Transitioning to a new school can be hard to face, but it’s often for the best. Reasons for moving a child to a new school might include the parents relocating for a job, or sometimes simply because the student is progressing up to the next grade, such as from preschool to kindergarten. Whatever the reason, a move can be hard emotionally when it means leaving friends or being the new kid. Entering a new school can be a challenge; the child may have to adjust to new rules, new academics, and a new environment.
It is manageable, however, and kids are pretty resilient — sometimes more so than their well-intentioned parents! New friends will be found, kind teachers will be discovered, and the first day of school will quickly become a fading memory as the year goes on.
Here are a few tips on how to steer the family ship through to calmer waters:
Project Confidence in Your Decision
Kids will sniff out your anxiety if you spend time voicing doubts about the decision to move to a new school. With that being said, don’t be falsely stoic and dishonest when discussing the move. Speak to the change touching everyone in the family, but how you are confident that it’s the best choice for your child.
Share Your Own Stories
Talk to your child about a time when you had anxiety about starting something new or share a story about yourself as a child on a first day of school. In exchange, listen to your child’s fears and concerns and empathize. You might talk about your first day of middle school, for example, and how you faced many of the same challenges your child is facing.
Talk to the new school’s administration about procedures on welcoming new students. Often there is a welcome event before the first day of school, and many schools coordinate summer “play dates” where current families host new families. This is a good opportunity for new students to socialize and make friends before their first school day, which can go a long way towards easing social anxieties.
If the child starts the new school in the fall, look into summer camp options that either the school offers or that is associated with the school where your child could potentially meet his or her future classmates. This can be an excellent way to meet staff and teachers who also may work as counselors over the summer. Many summer camps offer educational yet fun activities to enrich your child’s curriculum and keep them learning even when school is out of session — while having fun at the same time.
With a new school or a next grade, you may be concerned about your child adjusting to the new academic rigors. Find out if a teacher from school offers tutoring over the summer, if there’s a list of books your child can read, or even if you can get a sample of lessons to get a head start with. Easing academic anxieties can help your child adjust more easily to their new school.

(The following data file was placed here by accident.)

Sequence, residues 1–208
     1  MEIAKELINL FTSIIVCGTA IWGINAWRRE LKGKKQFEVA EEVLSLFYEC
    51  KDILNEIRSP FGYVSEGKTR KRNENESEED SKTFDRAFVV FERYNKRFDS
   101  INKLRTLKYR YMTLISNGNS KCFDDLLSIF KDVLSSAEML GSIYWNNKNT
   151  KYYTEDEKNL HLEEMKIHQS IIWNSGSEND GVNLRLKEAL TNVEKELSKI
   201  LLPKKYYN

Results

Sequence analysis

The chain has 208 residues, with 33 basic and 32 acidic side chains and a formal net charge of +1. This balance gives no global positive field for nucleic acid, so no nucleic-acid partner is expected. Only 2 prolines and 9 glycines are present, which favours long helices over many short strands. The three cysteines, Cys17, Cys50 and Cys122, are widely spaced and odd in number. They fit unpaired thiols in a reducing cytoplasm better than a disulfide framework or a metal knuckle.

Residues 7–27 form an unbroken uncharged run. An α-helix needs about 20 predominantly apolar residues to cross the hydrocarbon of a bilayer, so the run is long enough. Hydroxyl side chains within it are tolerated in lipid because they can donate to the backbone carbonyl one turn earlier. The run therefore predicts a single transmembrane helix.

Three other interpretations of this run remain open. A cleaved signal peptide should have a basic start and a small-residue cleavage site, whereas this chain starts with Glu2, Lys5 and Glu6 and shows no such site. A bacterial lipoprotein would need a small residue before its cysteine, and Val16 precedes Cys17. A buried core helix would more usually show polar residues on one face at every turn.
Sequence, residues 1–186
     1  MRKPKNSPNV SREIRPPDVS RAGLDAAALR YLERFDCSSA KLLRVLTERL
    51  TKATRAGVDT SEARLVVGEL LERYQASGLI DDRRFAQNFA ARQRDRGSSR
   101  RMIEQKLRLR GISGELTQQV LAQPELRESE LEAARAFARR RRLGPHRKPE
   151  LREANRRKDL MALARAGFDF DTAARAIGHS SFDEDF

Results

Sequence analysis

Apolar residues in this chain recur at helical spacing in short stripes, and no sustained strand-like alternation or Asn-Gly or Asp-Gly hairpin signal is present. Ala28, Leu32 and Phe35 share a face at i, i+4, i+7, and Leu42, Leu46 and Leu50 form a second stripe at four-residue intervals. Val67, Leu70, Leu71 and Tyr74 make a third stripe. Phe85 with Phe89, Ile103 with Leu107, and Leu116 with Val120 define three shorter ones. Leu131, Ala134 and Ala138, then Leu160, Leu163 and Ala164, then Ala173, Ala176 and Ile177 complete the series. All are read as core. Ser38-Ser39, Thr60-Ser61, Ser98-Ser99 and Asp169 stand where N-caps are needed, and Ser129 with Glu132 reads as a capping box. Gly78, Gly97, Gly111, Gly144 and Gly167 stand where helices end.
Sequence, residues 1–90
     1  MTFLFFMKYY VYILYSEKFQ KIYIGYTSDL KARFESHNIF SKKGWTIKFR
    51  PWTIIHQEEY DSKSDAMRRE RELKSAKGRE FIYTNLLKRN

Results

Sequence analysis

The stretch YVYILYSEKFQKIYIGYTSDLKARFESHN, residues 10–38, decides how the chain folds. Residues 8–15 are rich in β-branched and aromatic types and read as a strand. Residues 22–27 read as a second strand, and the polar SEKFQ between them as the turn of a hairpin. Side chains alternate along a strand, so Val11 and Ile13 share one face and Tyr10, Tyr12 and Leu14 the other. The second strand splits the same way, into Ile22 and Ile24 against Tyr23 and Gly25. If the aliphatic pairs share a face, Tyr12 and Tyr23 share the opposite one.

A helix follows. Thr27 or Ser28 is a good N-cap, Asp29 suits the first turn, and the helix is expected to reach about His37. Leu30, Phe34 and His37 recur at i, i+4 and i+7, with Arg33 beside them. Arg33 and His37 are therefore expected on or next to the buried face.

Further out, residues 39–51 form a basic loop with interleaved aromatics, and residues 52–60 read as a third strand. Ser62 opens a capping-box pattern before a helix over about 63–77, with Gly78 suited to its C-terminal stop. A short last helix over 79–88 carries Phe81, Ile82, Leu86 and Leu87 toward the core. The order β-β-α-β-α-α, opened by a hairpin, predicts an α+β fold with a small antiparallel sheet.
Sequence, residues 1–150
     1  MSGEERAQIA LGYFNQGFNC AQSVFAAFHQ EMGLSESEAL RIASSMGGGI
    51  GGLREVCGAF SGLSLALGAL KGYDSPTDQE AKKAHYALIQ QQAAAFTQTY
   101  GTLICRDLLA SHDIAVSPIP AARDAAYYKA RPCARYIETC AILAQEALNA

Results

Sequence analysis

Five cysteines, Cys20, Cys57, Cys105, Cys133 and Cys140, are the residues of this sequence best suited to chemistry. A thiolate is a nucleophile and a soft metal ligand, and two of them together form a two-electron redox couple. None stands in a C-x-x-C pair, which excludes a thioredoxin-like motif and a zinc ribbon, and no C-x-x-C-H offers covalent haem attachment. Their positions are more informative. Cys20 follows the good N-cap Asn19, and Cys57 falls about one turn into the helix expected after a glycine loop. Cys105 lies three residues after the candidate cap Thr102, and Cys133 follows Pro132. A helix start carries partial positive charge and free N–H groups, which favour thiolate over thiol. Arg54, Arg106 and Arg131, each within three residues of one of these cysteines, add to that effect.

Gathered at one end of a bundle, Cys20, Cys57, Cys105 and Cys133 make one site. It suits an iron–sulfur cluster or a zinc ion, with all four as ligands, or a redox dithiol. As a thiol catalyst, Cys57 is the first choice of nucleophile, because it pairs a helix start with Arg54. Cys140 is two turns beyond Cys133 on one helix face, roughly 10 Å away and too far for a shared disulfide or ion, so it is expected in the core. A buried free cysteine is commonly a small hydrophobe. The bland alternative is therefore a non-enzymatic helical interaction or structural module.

At least initially, show your child that you’re new, too, and that you’re introducing yourself and joining groups in order to make new friends. Quantity or length of time isn’t what matters; this could mean staying for an assembly, attending a PTA meeting, or going on a field trip.
Meet the Teacher
Introduce yourself to the teacher, explaining any fears your child may have. Often the teacher won’t be aware of your transition unless you share a little about the situation. Teachers’ accessibility can vary by type of school, so start exploring this as soon as you get your teacher assignment.
Acknowledge Classroom Size
The number of students in a classroom varies greatly between public, private, and parochial school. Parochial schools tend to be larger, 30 to sometimes 40 students, and with two teachers. In public schools, there are usually 25-35 kids per classroom to one teacher. In private/independent schools, the ratio is about 10-12 to one teacher. Depending on the sociability and learning style of your child, a smaller classroom may be more conducive to your child’s success.
Read About It
Here are a few books to help remind your child that he or she is not alone in his or her anxiety:
First Day Jitters, by Julie Danneberg and Judith DuFour Love. Great for kindergarten to second-grade, this story has a fantastic twist that’ll make your child see the first day of school in a new perspective.
The New Bear at School by Carrie Weston. Follow the plight of Boris, the new grizzly at school, who wins over his classmates by ultimately being himself. This book is mean for young elementary school children and preschoolers.
Marshall Armstrong is New to Our School, by David Mackintosh. Kindergarten to third-grade readers meet Marshall Armstrong, the new kid in school, and overcome their preconceived notions at his much anticipated birthday party.
Iggie’s House by Judy Blume. This classic middle-grade novel is about steering clear of judgment and welcoming the new family to the neighborhood, as well as overcoming issues of race.
Wonder, by RJ Palacio. This is a beautiful book about a fifth-grade boy not only starting a new school, but also facing his peers with a facial deformity.